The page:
Later on, it seems Einstein had some pangs of conscience, and gave some back-handed credit to Poincaré': However, concerning Poincaré's solution of the Center of Gravity problem, Einstein noted that Poincaré's formulation and his own from 1906 were mathematically equivalent.
Yeah, right. How does "mathematically equivalent" differ from plain vanilla equivalent? Depends on what the definition of is is, I guess. Finally, Einstein's first paper on relativity was published three months after Poincaré's short paper, but before Poincaré's longer version. It relied on the principle of relativity to derive the Lorentz transformations and used a similar clock synchronisation procedure (Einstein synchronisation) that Poincaré (1900) had described, but was remarkable in that it contained no references at all. Poincaré never acknowledged Einstein's work on special relativity. Einstein acknowledged Poincaré in the text of a lecture in 1921 called Geometrie und Erfahrung in connection with non-Euclidean geometry, but not in connection with special relativity.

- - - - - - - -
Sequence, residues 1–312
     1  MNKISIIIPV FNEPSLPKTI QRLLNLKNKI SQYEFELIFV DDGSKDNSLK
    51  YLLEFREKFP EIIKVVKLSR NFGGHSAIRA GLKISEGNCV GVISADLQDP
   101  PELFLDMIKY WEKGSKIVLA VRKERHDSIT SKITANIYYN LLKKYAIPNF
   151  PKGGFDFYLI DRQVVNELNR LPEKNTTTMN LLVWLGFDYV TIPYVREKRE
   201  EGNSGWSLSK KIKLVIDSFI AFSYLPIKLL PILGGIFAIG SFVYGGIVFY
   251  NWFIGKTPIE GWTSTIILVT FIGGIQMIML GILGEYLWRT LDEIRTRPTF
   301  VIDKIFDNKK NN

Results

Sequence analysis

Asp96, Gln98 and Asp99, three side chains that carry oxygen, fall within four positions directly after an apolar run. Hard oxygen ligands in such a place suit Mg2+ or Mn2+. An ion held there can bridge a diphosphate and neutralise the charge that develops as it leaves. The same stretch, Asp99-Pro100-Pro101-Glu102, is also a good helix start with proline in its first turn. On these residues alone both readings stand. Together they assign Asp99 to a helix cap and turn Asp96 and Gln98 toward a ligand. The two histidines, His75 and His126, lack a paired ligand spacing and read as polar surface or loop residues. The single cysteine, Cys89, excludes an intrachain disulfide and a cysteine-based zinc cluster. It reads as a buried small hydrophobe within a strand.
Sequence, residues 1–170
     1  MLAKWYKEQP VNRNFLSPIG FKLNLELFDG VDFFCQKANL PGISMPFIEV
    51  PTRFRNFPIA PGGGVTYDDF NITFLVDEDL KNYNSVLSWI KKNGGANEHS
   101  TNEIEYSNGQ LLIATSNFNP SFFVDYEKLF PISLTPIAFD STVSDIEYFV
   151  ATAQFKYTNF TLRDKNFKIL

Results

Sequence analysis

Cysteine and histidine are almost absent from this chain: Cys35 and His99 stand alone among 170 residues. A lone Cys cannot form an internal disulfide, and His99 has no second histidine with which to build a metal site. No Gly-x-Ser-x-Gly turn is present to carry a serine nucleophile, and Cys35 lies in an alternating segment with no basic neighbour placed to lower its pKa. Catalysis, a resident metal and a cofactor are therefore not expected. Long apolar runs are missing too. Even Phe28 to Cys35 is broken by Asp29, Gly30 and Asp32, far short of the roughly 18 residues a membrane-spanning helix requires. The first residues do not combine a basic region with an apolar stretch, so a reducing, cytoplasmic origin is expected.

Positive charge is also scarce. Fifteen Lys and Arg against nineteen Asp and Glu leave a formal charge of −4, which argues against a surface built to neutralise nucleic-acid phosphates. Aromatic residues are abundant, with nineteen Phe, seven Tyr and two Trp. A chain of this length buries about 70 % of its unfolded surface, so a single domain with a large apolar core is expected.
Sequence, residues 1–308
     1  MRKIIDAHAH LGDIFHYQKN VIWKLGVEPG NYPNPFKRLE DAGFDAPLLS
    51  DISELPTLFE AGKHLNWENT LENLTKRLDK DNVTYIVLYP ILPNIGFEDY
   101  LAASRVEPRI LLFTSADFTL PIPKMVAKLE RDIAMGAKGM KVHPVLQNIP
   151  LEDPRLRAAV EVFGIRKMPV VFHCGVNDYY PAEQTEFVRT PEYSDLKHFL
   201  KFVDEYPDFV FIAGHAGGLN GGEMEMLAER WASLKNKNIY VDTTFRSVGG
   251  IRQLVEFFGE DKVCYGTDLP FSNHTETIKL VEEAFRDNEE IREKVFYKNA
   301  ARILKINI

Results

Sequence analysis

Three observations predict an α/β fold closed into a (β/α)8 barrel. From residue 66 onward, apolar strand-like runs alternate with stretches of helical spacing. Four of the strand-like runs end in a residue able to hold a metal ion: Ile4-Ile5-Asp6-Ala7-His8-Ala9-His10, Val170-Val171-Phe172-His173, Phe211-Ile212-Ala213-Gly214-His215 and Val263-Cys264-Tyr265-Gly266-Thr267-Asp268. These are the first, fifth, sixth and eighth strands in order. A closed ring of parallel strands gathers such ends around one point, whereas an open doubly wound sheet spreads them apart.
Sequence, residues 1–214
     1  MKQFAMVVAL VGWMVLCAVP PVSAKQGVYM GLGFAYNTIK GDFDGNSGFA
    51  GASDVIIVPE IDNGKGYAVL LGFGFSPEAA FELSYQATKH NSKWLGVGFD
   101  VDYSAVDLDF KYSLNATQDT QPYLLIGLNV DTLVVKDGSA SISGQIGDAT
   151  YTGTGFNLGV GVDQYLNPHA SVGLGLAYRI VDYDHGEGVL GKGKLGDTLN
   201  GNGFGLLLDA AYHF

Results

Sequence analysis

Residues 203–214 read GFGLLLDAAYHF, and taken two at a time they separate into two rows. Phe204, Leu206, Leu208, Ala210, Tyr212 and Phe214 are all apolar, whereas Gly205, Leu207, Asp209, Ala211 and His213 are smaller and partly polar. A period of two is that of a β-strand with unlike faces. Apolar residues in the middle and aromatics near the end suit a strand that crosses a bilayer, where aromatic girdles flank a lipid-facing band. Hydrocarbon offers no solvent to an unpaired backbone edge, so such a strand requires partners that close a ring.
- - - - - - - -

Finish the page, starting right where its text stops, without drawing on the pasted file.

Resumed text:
As I was saying, the beauty of Einstein's approach, as far as I know, was in the clarity of his reasoning. I don't know any derivations of the laws of mechanics in the Special Relativity case or the General Relativity case other than those of Einstein himself. Those proofs are perfect gems and to have them in one's head means understanding the principle completely As I have said a bit ago, I still remember the entire arguments, down to the names of the cartoon characters that my Prof used, "Uriah and Pete" having unprimed and primed coordinate functions, respectively. All of the arguments were given in terms of wavefronts of a point source of light which is on for an instant at some time $t_0$.